Law schools are frantically reversing course on fall plans to reopen campus as the COVID-19 pandemic continues to wreak havoc across the country.
At least a sixth of all ABA-accredited law schools plan to be fully online in the fall now, according to a report by Law.com. On Sunday, the US topped 5 million cases of coronavirus, according to CNN.
At Georgetown Law, initial plans to have socially distant in-person classes were quickly thrown out the window as Georgetown’s president recently announced that the entire university would start the fall semester remotely due to rising COVID-19 cases.
In an interview with Law.com, Law Dean William Treanor says he remains hopeful that some in-person classes can resume in late semester. However, that’s dependent on how the COVID-19 case count stands.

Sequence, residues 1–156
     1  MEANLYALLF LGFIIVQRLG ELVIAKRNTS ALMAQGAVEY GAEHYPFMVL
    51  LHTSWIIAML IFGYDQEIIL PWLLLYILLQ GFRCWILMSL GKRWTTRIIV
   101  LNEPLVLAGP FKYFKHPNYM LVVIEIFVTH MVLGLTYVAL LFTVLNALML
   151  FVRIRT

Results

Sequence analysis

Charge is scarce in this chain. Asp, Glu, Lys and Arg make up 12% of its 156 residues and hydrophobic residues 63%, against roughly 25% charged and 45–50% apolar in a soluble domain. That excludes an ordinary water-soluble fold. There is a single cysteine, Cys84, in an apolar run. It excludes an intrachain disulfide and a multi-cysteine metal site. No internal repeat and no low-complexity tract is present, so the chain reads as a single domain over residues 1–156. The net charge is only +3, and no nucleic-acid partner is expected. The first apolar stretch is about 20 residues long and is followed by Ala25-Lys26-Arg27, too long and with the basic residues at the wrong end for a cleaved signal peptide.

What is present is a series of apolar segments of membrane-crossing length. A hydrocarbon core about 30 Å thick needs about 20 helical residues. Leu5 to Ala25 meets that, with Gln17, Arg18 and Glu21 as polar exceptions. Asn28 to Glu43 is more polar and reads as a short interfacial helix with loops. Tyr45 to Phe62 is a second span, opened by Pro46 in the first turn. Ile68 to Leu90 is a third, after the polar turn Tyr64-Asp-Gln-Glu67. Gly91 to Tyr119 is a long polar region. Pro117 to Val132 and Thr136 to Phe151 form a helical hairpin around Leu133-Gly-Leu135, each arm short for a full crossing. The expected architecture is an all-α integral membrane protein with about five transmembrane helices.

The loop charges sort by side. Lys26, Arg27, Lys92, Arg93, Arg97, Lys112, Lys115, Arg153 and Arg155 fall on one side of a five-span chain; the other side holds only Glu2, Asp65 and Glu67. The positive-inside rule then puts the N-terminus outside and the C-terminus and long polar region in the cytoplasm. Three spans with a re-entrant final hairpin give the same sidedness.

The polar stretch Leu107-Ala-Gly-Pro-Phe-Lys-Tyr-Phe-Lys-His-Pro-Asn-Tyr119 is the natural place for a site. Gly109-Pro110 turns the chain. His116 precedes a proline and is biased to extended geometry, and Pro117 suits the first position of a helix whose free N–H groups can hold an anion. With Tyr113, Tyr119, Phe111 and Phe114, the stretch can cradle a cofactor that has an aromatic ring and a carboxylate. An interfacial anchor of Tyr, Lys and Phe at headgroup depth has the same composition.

“People were aware there was some fluidity, and conditions could change,” Treanor tells Law.com. “If we had gone online for the whole semester early, that would have made the planning process easier. But we also know that students would like to be on campus. We started with the hope that it would be possible at the start of the semester, and we’re preserving that option.”
To compensate students for the lack of in-person classroom time, the university has offered to lower tuition by 5%.
At Northern Illinois University College of Law, similar plans to hold in-person classes were quickly reversed as the school announced revised plans to be fully online in the fall.
“I know this is a change from our prior decision to hold some classes in person under a hybrid model,” Law Dean Cassandra Hill writes in an email to students. “When we made those plans, it was with the assumption that the virus would be on a downward trajectory by the beginning of the fall semester, or at least be stable.”
In total, at least 32 law schools including Harvard Law and the University of California system have announced plans to be entirely online in the fall.